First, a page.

By Howard Bloom
October has been a month of marshalling alliances. And in the ally gathering game, Joe Biden and NATO have come out on top. With the exception of one important Putin victory.
There was a vote in the general assembly of the United Nations on October 12th to condemn Russian annexation of Ukrainian territories. The West won the vote 143 to 5. In other words, 143 nations voted to condemn the Russian invasion. Only five sided with Russia.
Putin’s rain of up to 185 rocket attacks a day on civilian structures in Ukrainian cities was so appalling that states in Russia’s stealth alliance, nations in Russia’s Axis of Evil, did not vote against the condemnation. That included Axis of Evil members Iran, Venezuela, Cuba, and the really big one — China. Only Syria, Nicaragua, North Korea and Belarus voted on Russia’s side. And the second most populous country in the world, India, also stayed on the sidelines.
The West’s victory was so overwhelming that the United Nations’ official press release on the subject read like it was written in the White House: it said, “Ukraine: UN General Assembly demands Russia reverse course on ‘attempted illegal annexation.’”
Politico reports that the avalanche of votes in the UN was no accident. The US, the United Kingdom, and the European Union lobbied their fellow UN ambassadors, counting their support one nation at a time the way a whip in the US congress counts votes and goes for a win.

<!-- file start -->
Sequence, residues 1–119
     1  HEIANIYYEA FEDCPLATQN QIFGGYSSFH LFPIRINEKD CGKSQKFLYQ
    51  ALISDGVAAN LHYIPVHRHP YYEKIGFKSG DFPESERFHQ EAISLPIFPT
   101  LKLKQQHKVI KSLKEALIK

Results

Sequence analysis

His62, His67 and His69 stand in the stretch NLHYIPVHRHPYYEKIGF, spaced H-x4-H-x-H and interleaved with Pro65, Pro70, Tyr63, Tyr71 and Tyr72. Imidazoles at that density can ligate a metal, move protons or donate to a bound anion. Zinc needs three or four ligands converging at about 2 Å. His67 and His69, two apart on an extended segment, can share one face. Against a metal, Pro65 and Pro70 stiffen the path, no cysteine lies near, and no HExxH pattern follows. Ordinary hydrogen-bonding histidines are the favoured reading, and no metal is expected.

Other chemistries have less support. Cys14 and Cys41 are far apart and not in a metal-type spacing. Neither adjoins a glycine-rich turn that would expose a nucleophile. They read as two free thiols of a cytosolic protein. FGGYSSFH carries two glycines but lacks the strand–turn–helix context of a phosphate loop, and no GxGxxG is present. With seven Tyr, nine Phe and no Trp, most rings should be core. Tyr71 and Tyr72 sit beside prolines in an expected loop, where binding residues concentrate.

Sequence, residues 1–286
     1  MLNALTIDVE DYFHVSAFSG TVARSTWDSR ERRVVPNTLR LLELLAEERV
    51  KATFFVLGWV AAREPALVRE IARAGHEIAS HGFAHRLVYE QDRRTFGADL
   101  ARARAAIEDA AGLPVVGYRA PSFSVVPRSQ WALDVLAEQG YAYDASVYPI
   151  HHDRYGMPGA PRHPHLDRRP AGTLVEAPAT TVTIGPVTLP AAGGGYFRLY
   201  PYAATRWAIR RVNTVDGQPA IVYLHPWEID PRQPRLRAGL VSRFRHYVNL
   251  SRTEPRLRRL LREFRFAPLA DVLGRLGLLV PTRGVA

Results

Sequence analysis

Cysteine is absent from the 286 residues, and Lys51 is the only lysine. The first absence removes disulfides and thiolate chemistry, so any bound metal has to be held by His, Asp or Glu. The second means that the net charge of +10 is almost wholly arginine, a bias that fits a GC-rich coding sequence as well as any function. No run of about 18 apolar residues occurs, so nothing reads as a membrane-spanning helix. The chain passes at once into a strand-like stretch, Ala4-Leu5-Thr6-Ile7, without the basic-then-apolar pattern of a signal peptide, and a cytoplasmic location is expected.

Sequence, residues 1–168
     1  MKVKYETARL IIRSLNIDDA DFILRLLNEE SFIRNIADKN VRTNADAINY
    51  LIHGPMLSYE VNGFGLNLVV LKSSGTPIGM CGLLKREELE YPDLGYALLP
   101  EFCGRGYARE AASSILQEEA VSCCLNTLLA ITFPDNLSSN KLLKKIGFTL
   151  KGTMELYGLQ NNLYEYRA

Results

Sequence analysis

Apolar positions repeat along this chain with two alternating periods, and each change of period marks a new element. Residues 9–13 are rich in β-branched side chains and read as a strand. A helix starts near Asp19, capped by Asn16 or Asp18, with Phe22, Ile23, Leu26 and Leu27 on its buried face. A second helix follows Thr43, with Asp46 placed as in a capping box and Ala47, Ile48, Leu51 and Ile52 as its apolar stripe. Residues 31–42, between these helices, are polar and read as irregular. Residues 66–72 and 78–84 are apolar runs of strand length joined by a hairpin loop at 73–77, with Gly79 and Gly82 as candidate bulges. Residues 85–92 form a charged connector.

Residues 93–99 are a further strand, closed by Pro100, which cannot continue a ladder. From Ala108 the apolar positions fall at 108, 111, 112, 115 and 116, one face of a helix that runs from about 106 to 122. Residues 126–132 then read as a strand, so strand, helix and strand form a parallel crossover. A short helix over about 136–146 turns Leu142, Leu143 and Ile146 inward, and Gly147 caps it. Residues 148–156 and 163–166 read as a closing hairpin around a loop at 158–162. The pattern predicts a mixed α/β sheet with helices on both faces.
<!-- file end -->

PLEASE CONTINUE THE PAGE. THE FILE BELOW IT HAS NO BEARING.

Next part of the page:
But the vote at the UN was not the only measure the US was taking in October to solidify its alliances.
In Brussels, Secretary of Defense Lloyd Austin was meeting with other NATO defense ministers in the Ukraine Defense Contact Group, a group that monitors Ukraine’s need for weapons day by day and speeds those weapons’ delivery. Then Austin had a meeting of NATO defense ministers on October 12th and 13th.[i] And Austin was scheduled October 14th for a meeting of the Bucharest Nine Group in Brussels, a group of nine countries on Russia’s western flank, countries vulnerable to Russian invasion.